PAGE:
Statistical data analyses were performed using GraphPad Prism. Single-variable differences in data sets containing only two groups were analyzed using unpaired t-tests. Group differences were analyzed using two-way repeated measures ANOVA where appropriate. Significant interactions in the ANOVAs were analyzed for multiple comparisons using the Holm–Sidak test. For all analyses, the significance level was set at p < 0.05.
Selective optogenetic targeting and functional validation of GABAergic projections from ZI to RE
To identify GABAergic projections from the ZI → RE, we injected a CRE-dependent adeno-associated viral vector expressing ChR2-mCherry into the ZI of vGAT-CRE mice (as outlined in Fig. 1A and directly visualized in Fig. 1B). This allows expression of the stimulatory opsin ChR2 in the GABAergic cells of the ZI and more importantly, in their terminals in regions directly innervated by these GABAergic cells. Four to six weeks later, we found dense ChR2-mCherry expression in the GABAergic cell bodies (Fig. 1B, Supplementary Fig. 1A) in the ZI and terminals that innervate the RE (Fig. 1B, Supplementary Fig. 1B). To further confirm the function of the stimulatory opsin ChR2, we performed whole-cell patch-clamp recordings on ChR2-mCherry expressing GABAergic neurons in the ZI (Supplementary Fig. 2A–E). Next, to validate the functional connectivity between GABAergic cells in the ZI and thalamic RE, we performed whole-cell patch-clamp recordings from RE neurons. Optical stimulation (473-nm-blue light, 1.6 mW/mm2) of ChR2-mCherry expressing GABAergic projection fibers originating from the ZI, induced inhibitory post-synaptic currents (IPSCs) in RE (Fig. 1C). The evoked IPSCs had a reversal potential of ~65 mV, which is close to chloride equilibrium potential. Blocking glutamatergic transmission with AMPA receptor antagonist DNQX (20 µM) had no effect on the evoked IPSCs. Next, when we recorded in the presence of both DNQX (20 µM) and GABA antagonist gabazine (5 µM) the IPSCs were completely abolished (Fig. 1D). These results confirmed the presence of a distinct inhibitory pathway from subthalamic ZI to thalamic RE.
Optogenetic stimulation of ZI → RE GABAergic projections reduces fear generalization
To determine whether stimulation of GABAergic projections from the ZI to RE affects fear generalization, we injected AAV5-EF1α-DIO-ChR2-mCherry (stimulatory opsin) or AAV5-EF1α-DIO-mCherry bilaterally into the ZI of vGAT-CRE mice followed by optic fiber implantation in the RE. The mice were then trained in a high-intensity discriminative auditory fear conditioning protocol (as described in Fig. 2A, B) that has been shown to produce generalization of fear associations to both the aversive CS+ as well as the neutral CS− tones [7, 19, 33]. One day after training, mice were tested for fear generalization with the laser light pulsed during the CS+ and CS− presentations (Fig. 2B). Increased fear generalization was observed after optical stimulation of RE in vGAT-CRE animals that received control DIO-mCherry virus. However, increasing activity of GABAergic projections in the RE originating from the ZI with laser stimulation robustly reduced fear generalization (Fig. 2C). Specifically, vGAT-CRE: DIO-ChR2-mCherry+stim animals exhibited significantly lower freezing responses to CS− compared to vGAT-CRE:DIO-mCherry+stim animals (vGAT-CRE:DIO-mCherry group n = 12, vGAT-CRE:DIO- ChR2-mCherry n = 11, Virus × Tone interaction: F(1,21) = 24.20, p < 0.0001. Post-hocs: vGAT-CRE: DIO-ChR2-mCherry+stim:CS+ vs. vGAT-CRE: DIO-ChR2-mCherry+stim:CS− p < 0.0001, vGAT-CRE:DIO-mCherry:CS− vs. vGAT-CRE: DIO-ChR2-mCherry+stim:CS− p < 0.0001). Further, vGAT-CRE:DIO-ChR2-mCherry+stim showed better discrimination between the CS+ and the CS− tones compared to vGAT-CRE:DIO-mCherry+stim controls as evident from the discrimination index (Supplementary Fig. 3). Notably, in the absence of laser stimulation, both vGAT-CRE:DIO-mCherry controls and vGAT-CRE:DIO-ChR2-mCherry animals showed high levels of freezing to the CS+ and CS− and poor discrimination (Supplementary Fig. 4). Optogenetic stimulation of the ZI-RE GABAergic projections in the absence of tone presentations did not produce any significant difference in freezing levels between the two groups (t = 1.56, df = 21, p > 0.05) (Supplementary Fig. 5). [vGAT-DIO-mCherry n = 12 (6 M, 6 F), vGAT-DIO-ChR2 n = 13 (5 M, 8 F)]. We did not observe any sex differences in fear generalization and therefore report our data in Fig. 2C collapsed across sexes [Three-way ANOVA: Tones × Opto × Sex. Tones × Opto × Sex Interaction: p = 0.6728, Opto × Sex Interaction: p = 0.4986, Tones × Opto Interaction: p = 0.0074)]. We have reported our data split by sex in Supplementary Fig. 6.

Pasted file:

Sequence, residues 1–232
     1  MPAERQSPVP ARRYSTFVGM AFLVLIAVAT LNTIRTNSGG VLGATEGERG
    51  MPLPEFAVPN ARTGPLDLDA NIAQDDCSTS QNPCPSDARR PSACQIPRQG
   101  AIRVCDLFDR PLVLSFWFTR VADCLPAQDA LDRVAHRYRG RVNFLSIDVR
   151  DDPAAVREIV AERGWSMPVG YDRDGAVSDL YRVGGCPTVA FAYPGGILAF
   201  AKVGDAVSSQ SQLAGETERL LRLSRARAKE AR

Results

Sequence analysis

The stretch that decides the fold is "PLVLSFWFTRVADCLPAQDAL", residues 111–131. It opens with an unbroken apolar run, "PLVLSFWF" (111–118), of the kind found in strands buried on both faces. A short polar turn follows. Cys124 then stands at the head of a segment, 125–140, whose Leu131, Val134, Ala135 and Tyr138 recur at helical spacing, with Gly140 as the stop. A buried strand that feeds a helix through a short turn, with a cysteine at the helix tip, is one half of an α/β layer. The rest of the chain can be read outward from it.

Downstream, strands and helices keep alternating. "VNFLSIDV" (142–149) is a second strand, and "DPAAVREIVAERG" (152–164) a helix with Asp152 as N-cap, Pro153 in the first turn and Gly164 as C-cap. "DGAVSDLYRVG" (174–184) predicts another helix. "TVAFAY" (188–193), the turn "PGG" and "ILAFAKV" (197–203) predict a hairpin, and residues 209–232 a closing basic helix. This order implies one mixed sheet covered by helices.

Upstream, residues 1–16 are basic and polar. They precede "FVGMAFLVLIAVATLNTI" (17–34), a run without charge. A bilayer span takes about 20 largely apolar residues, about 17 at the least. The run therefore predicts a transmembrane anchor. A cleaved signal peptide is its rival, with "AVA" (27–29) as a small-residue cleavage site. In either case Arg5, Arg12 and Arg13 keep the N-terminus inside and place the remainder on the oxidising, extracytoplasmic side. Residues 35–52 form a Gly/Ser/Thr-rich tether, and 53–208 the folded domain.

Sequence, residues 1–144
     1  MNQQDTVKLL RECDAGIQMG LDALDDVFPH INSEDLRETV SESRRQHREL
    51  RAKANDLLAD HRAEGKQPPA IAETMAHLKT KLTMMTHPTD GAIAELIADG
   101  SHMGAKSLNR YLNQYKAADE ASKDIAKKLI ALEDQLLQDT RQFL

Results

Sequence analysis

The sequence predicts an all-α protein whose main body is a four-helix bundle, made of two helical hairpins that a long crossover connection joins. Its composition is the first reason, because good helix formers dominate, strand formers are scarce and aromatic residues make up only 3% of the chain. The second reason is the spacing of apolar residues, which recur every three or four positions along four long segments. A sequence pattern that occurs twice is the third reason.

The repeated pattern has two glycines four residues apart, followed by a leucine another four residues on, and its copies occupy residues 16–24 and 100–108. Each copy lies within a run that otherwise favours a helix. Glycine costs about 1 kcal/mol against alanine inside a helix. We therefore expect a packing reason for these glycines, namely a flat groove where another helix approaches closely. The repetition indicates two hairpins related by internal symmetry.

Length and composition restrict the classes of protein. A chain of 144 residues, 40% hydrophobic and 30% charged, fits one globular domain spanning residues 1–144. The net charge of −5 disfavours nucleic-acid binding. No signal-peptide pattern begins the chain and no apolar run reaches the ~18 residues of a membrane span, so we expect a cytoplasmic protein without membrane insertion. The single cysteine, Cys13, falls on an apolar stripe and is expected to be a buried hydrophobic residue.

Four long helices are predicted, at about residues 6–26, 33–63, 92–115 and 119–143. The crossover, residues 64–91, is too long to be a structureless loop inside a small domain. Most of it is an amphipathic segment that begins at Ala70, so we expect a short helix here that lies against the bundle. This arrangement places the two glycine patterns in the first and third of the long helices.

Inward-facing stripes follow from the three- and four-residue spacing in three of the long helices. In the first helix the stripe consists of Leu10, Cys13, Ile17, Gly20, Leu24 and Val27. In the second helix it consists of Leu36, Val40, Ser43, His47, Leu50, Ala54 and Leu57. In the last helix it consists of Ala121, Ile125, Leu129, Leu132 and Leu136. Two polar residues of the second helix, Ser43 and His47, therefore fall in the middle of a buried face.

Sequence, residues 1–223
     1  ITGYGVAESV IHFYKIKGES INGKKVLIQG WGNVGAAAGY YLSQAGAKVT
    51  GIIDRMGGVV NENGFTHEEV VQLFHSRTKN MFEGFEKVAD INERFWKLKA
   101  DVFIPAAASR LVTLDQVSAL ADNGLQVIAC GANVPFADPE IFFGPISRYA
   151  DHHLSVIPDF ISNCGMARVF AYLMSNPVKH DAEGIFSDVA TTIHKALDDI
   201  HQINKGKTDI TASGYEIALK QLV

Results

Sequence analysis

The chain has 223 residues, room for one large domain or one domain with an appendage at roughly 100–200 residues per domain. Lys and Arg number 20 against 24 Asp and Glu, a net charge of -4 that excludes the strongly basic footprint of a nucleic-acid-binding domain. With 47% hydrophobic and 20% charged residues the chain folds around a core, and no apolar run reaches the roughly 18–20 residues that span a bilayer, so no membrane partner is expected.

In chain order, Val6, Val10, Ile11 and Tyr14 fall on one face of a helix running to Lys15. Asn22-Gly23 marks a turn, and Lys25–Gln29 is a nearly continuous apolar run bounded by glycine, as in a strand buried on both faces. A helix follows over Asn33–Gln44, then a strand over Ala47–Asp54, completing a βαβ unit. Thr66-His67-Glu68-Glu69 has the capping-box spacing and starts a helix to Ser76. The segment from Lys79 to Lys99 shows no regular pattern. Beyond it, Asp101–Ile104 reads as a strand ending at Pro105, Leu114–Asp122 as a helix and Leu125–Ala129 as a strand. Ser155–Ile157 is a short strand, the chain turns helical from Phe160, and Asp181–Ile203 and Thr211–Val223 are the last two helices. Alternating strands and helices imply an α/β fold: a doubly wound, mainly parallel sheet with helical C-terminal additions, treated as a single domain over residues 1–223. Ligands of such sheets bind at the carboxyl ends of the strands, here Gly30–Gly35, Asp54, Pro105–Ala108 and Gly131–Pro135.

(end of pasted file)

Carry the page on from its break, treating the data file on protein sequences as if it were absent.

Optogenetic stimulation of ZI → RE GABAergic projections enhances extinction recall